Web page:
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A Conversation with Van Gessel

By Mary Kenagy Mitchell Interview

Van Gessel has been Shūsaku Endō’s primary English translator since the 1970s. He has translated eight of his novels and worked as a consultant on Martin Scorsese’s adaptation of Silence. We asked him about the previously untranslated Endō story in Image issue 92, and about what Endō’s work has to say to the West. Can…

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Inventing the Kingdom

By Gregory Wolfe Essay

WHEN The Kingdom landed on my desk with a thud, I could tell that it would pose a challenge—that it would be a book I had to contend with. In addition to being a substantial tome, it comes with the cultural imprimatur conveyed by its publisher, the venerable Farrar, Straus and Giroux, whose backlist includes…

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The Nightmare God: Art and Sublime Terror

By Natalie Vestin Book Review

Seiobo There Below by László Krasznahorkai, translated from Hungarian by Ottilie Mulzet (New Directions, 2013) Sudden Death by Álvaro Enrigue, translated from Spanish by Natasha Wimmer (Riverhead Books, 2016) A Story of America Goes Walking by Saara Myrene Raappana and Rebekah Wilkins-Pepiton (Shechem Press, 2016) Peter Hujar: Lost Downtown by Vince Aletti and Stephen Koch…

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Cindy Jackson’s Bevy of Boisterous Bodies

By Gordon Fuglie Essay

CONTEMPORARY FIGURATIVE ART may owe more to the golden age of comic books than many art watchers are prepared to admit. Beyond the ironic appropriation of comics by late art-world A-lister Roy Lichtenstein or au courant nihilistic punkster Raymond Pettibon, illustrated narrative has a much longer pedigree. Earlier in the twentieth century, the angular and…

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Still Mending: South Africa between the Shadow and the Light

By Rachel Hostetter Smith Essay

NEXT TO THE ENTRANCE to the Constitutional Court in Johannesburg, South Africa, where the chief justices meet to uphold what has been called the “most progressive” of constitutions, stands a bronze sculpture by Dumile Feni, a South African of Xhosa descent. It is based on a smaller clay work made in 1987, at the height…

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Hymn to the Blessed Mother

By Shūsaku Endō Short Story

UNTIL LAST YEAR, I worked in a small apartment on Nampeidai in Shibuya. In actuality, the apartment was not on Nampeidai proper, but was located away from the main street and all its spacious mansions, and thus the deposit and the rent were not so very expensive. Of the apartment’s two rooms, I used one…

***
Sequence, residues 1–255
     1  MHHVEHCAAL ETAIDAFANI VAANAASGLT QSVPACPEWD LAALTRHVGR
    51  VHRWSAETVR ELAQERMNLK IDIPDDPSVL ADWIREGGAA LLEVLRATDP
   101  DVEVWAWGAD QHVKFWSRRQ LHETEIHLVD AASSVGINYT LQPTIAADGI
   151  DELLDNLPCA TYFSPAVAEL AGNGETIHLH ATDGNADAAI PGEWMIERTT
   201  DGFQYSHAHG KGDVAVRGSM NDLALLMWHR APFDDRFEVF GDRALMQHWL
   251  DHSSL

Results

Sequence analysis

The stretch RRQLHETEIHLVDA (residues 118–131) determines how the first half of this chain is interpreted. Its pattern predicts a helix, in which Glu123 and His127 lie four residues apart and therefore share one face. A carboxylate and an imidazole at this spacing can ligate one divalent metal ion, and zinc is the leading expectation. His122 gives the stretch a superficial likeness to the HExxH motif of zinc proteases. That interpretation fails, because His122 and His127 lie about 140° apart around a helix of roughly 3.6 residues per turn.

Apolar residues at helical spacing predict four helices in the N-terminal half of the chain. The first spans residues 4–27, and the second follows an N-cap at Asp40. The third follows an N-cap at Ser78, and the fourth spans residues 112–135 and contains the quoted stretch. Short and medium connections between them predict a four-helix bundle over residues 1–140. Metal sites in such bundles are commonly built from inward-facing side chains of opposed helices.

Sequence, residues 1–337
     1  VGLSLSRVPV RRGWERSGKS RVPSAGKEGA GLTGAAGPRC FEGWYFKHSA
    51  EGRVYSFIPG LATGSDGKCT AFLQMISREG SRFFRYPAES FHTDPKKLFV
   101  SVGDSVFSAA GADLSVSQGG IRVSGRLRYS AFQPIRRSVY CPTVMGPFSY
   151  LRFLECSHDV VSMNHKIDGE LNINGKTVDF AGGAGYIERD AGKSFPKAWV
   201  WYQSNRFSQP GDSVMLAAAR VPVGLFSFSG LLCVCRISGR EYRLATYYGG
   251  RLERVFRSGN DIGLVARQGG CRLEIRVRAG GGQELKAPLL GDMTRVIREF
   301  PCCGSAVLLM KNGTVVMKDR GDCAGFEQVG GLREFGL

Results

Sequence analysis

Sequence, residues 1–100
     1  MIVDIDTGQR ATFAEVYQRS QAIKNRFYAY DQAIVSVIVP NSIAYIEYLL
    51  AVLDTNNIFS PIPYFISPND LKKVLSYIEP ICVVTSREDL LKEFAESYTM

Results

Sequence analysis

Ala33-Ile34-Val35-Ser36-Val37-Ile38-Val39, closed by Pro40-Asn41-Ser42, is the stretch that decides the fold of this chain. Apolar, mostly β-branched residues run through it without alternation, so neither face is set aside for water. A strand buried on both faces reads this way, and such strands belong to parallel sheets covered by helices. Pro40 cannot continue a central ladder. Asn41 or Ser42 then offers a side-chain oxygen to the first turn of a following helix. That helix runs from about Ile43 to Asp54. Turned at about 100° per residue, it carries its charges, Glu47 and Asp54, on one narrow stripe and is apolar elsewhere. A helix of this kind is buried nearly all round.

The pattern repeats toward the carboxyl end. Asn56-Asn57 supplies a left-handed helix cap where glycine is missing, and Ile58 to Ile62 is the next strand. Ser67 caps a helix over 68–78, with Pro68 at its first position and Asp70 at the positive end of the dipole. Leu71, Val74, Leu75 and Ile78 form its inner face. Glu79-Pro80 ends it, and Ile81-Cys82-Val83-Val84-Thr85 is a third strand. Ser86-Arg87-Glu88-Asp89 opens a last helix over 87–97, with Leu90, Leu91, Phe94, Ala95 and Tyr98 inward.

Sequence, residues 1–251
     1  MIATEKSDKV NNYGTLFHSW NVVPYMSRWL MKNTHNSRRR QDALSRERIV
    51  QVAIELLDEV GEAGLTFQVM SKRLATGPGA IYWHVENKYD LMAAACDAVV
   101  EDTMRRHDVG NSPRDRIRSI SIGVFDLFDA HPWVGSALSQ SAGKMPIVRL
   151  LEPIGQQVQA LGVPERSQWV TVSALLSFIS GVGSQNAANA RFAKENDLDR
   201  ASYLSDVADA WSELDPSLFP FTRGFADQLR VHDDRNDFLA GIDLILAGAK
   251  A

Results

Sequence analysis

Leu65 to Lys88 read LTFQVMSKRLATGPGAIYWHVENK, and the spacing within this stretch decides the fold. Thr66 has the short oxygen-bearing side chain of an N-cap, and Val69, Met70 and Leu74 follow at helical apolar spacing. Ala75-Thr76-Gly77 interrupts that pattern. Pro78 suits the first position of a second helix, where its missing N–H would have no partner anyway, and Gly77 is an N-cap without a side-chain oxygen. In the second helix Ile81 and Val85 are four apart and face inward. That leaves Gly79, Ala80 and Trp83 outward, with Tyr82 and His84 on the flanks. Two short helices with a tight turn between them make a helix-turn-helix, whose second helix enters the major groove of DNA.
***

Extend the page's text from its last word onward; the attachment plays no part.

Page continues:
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Rock, Paper, Scissors

By Maxim Osipov Short Story

ONCE that creature had thudded to the floor and finally gone quiet, she had waited for her rage to subside and her breathing to return to normal before washing everything off at the hand basin in the toilet—the place she always washed. It was, perhaps, inadvisable to destroy all evidence of contact with the rapist—she realized…

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Sovereignty of the Void

By Christian Bobin Essay

YOU MIGHT BE AT A DISTANCE from your life. As always: an ordinary state, banal. Your body headed straight for the abyss, with the forward momentum of age. And beneath the freshness of blood there is weakness, ashes. Nostalgia: the soul. Sick, yes. Without a doubt: sick. And the real name of that sickness would be…

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The Cloud of Unknowing

By Kevin Honold Essay

I. The TAXI DRIVER stopped and gestured to the empty desert. “There.” I saw nothing. “Where?” “There.” Now I saw, or thought I saw, some irregularity in the distance, about a mile away—the reflection of standing water, or maybe the attenuated shadow of a dip in the ground. After I paid the man, he sped…

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A Conversation with James McMichael

By R.M. Haines Interview

James McMichael was born in Pasadena, California, in 1939. After earning a doctorate at Stanford University, he taught at the University of California Irvine for over forty years. McMichael’s early work consists largely of shorter lyrics and sequences notable for their restraint, subtle musicality, and clarity of perception. These same qualities mark the more expansive…

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